Workshop 1: Understanding Tone in Academic Writing

​For many new graduate students, writing in a sufficiently formal tone is a challenge. In this workshop, we will look at a collection of strategies designed to evaluate and adjust the level of formality of academic writing.

Workshop 2: Managing Transitions in Academic Writing

​Creating flow in academic writing is an important issue. Unfortunately, many novice writers try to create transitions with transition words alone rather than with clear links between sentences. In this workshop, we will look first at how to avoid overusing transition words and then at strategies for constructing coherent flow between sentences.

Workshop 3: Improving Grammatical Correctness in Academic Writing

​This workshop on grammatical correctness will focus on three issues that cause particular difficulties for non-native speakers of English: articles, pronoun reference, and punctuation. Throughout, we will look at the principles of sound writing, focusing on representative example sentences.

Listening & Speaking in Academic Settings​

The Listening and Speaking workshops in this series for non-native speakers of English draw from the Academic Conversation Skills (ACS) curriculum. These workshops are open both to students who have not taken the ACS course, as well as those who have taken it and would like to refresh their oral communication skills.

Workshop 1: Active Listening and Speaking in Academic Settings

This workshop aims to help students better understand and participate in academic conversations by focusing on the positive actions you can take both as a listener and as a speaker. Topics discussed include the following: How do you interrupt someone for clarification or further explanation? How can you change the topic? and How do you involve others if you’re leading a discussion?

Workshop 2:Strategies for Academic Vocabulary Acquisition

This workshop addresses problems non-native speakers of English often have with vocabulary knowledge. In this session, you’ll learn practical strategies for developing an active-thinking process that will facilitate your acquiring academic, as well as everyday, vocabulary through listening and reading.

Workshop 3:Active Listening and Note-Taking

In this workshop, we’ll consider key assumptions made about various learning situations, as well as dominant learning styles in North American universities, such as learning through one’s ears. The workshop also explores what it means to listen actively in academic situations (e.g. lectures, seminars, labs and tutorials), and discusses note-taking strategies that will help you get information down on paper, or onto your laptop, more efficiently.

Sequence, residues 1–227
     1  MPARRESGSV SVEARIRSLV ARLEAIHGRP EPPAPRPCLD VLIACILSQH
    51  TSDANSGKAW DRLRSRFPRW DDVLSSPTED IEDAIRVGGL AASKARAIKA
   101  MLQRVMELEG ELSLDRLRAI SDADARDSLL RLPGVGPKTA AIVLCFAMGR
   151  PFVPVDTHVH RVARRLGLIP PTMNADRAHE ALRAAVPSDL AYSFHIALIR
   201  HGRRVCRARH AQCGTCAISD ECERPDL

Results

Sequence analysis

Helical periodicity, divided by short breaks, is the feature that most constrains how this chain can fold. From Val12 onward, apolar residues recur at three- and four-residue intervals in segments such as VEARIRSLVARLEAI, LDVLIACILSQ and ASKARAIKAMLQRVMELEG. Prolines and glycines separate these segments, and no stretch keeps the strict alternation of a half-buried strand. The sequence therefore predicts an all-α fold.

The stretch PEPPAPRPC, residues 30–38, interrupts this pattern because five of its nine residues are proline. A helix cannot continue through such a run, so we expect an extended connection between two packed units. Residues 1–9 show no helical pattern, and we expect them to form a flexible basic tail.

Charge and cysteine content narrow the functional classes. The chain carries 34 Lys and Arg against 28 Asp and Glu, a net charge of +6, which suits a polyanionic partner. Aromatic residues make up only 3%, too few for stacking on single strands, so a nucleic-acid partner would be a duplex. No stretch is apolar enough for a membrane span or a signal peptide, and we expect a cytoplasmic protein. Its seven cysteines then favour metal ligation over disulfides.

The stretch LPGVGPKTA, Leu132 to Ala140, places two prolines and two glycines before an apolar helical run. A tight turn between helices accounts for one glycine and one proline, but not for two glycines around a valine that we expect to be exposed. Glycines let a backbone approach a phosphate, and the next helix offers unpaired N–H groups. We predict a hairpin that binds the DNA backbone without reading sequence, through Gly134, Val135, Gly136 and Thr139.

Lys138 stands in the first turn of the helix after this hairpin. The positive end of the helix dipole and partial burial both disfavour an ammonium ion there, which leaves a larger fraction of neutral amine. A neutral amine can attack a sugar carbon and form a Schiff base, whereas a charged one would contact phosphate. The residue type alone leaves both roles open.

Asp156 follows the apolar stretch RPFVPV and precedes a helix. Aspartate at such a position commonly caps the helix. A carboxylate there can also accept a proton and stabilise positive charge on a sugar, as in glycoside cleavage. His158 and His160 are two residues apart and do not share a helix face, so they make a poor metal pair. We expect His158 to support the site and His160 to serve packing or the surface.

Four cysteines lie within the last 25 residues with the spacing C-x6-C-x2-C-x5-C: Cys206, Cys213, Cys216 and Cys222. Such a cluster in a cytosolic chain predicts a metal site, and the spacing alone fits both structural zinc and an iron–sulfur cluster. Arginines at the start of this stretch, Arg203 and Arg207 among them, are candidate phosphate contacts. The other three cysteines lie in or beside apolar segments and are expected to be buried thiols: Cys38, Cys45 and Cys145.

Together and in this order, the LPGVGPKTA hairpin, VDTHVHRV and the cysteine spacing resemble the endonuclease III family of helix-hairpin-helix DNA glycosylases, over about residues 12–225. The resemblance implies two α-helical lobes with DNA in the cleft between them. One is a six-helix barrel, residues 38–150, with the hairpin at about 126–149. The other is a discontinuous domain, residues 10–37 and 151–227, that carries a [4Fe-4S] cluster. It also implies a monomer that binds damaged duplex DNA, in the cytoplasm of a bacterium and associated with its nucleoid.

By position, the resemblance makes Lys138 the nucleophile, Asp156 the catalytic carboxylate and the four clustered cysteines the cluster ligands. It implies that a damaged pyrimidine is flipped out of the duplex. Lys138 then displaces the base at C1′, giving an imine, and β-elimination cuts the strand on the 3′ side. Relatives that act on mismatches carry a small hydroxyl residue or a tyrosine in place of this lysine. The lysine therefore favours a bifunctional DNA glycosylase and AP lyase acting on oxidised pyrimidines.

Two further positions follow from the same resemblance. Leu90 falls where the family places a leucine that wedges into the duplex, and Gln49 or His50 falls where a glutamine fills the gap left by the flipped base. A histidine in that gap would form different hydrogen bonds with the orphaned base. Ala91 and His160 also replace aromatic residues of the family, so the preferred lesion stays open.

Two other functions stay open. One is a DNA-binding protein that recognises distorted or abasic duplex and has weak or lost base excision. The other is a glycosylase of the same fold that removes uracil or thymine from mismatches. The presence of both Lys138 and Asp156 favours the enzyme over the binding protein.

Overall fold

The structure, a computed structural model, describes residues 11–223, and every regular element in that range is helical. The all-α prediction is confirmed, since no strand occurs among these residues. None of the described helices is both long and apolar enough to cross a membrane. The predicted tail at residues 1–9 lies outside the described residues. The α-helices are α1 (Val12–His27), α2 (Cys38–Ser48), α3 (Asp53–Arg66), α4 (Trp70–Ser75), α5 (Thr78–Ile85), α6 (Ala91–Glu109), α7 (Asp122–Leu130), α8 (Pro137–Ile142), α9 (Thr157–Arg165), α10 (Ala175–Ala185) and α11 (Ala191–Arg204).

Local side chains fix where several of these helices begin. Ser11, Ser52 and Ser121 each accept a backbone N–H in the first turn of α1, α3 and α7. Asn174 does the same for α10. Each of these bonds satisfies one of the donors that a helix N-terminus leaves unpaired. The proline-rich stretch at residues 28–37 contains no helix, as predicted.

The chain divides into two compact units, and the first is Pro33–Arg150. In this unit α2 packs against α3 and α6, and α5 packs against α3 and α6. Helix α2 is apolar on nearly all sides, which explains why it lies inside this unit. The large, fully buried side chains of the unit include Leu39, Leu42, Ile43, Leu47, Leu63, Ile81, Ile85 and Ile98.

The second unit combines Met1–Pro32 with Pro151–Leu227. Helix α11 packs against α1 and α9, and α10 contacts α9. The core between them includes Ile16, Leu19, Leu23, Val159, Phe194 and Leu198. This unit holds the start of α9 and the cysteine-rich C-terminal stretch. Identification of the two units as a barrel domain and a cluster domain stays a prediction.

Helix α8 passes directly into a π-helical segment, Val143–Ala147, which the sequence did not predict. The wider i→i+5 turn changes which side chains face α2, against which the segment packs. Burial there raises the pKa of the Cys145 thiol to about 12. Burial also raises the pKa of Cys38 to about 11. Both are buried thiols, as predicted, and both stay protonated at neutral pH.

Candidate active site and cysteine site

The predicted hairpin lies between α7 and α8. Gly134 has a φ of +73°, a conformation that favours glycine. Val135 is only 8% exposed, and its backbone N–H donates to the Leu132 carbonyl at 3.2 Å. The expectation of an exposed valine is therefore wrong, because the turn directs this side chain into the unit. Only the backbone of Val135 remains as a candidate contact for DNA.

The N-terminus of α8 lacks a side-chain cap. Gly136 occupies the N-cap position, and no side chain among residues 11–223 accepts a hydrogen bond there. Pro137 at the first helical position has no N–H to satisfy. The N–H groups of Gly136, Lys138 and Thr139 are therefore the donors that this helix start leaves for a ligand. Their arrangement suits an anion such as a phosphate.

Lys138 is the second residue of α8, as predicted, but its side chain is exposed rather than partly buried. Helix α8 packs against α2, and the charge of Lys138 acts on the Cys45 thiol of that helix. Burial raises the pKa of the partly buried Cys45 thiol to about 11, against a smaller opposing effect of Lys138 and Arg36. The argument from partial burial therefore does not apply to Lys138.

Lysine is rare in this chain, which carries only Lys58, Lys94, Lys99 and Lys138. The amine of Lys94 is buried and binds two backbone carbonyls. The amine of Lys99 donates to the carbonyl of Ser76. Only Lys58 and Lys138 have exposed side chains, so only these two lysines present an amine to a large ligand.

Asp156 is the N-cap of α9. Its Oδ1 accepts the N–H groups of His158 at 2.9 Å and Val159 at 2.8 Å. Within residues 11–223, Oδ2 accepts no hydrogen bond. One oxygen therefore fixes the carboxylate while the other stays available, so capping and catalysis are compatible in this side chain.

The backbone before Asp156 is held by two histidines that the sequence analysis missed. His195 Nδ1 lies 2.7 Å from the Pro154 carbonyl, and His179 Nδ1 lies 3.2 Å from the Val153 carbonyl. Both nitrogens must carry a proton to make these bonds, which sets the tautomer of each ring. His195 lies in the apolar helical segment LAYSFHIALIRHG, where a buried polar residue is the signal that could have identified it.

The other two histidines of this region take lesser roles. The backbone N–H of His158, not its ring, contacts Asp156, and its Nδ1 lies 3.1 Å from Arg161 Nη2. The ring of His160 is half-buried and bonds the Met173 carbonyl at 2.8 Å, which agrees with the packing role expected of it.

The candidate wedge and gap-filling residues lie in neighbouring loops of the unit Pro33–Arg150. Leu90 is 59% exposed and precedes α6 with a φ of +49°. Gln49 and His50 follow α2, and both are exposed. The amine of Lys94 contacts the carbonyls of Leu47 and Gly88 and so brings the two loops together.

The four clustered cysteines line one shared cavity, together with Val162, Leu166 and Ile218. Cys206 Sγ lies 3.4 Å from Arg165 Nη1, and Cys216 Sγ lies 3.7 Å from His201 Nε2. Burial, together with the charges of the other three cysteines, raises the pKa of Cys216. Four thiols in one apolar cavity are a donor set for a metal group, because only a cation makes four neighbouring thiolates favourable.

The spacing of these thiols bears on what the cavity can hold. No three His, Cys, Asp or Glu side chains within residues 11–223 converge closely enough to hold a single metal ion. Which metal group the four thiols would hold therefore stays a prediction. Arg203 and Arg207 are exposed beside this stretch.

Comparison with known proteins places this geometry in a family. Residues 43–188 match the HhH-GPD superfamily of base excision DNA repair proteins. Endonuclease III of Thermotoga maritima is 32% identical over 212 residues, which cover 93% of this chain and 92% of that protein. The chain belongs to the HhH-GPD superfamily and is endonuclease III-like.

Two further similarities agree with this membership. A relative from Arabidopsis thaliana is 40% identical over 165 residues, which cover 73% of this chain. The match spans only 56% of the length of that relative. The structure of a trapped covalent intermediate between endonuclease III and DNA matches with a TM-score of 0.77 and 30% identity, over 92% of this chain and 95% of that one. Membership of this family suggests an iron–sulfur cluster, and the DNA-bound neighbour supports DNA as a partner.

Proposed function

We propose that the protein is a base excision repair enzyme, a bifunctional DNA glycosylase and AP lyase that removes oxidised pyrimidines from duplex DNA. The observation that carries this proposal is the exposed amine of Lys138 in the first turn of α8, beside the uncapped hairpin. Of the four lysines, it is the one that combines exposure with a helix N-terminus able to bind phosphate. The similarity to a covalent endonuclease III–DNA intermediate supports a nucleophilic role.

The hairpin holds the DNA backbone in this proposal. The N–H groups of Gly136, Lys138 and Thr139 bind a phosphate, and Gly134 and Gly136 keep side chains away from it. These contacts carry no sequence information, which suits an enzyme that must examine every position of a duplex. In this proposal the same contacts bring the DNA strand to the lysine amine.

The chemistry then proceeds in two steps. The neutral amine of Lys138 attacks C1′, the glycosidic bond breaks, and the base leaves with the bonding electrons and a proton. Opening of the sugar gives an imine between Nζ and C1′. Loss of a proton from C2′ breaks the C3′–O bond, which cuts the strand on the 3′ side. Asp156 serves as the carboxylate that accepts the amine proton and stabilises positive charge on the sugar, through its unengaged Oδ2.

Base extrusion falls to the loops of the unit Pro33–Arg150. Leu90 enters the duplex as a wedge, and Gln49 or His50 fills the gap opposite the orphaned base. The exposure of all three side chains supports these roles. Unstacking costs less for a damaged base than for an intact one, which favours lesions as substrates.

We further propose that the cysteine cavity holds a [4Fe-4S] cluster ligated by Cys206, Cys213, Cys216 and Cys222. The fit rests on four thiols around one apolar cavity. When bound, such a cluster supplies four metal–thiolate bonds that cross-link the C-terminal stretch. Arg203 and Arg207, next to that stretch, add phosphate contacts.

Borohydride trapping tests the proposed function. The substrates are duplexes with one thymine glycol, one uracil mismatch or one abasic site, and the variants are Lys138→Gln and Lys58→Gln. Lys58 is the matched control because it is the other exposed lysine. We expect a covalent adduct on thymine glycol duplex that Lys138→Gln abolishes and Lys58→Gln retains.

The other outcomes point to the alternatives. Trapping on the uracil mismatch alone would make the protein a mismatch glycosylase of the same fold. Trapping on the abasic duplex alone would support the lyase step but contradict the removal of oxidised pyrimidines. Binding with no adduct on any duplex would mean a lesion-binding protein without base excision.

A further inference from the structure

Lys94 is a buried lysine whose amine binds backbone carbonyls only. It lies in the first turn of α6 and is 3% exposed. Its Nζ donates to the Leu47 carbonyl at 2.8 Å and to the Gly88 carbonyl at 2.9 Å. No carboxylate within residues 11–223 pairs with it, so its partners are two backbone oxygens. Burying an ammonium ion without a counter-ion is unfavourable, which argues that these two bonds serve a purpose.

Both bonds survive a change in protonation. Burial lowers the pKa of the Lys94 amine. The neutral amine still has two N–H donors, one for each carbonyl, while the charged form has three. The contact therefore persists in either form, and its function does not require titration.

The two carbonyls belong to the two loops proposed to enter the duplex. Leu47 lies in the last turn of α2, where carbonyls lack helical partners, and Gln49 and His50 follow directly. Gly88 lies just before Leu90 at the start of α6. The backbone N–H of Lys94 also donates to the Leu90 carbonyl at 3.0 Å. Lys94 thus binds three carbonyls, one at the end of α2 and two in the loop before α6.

Workshop 4: ​​Strategies for Clear Speaking

This workshop will touch upon techniques for making your oral delivery smoother and strategies to help your audiences comprehend your presentation content. Such strategies include making transitions between important parts of the presentation, using visual support material as a pronunciation aid and answering questions from your audience. The workshop will also discuss how to ask questions with clarity and confidence in a large group setting.​

Getting Through Graduate Work

Workshop 1: Writing a Thesis or Grant Proposal

Graduate students write many proposals – federal grant proposals, travel grant proposals, thesis proposals – and every proposal has a potentially significant impact on a student’s ability to carry out specific research. The introductory workshop in this series provides an overview of proposal writing designed to get students thinking about the demands of, and the predictable variations in, this important genre of writing. We will examine the similarities and differences between thesis and grant proposals, consider the main questions that most proposals must answer, and see examples of answers to those questions in successful proposals. We will also consider common pitfalls in proposal writing, and strategies for getting started on writing a proposal.

Workshop 2: Writing Literature Reviews

Whatever sort of writing you're doing at graduate school, in various writing tasks such as articles, course papers or the thesis chapter entitled 'Literature Review' you'll need to be able to review the literature of your field effectively. This workshop will explore this genre of academic writing, identify common pitfalls and examine strategies to maximize your lit review's effectiveness.

Workshop 3: Five Principles to Improve Your Academic Writing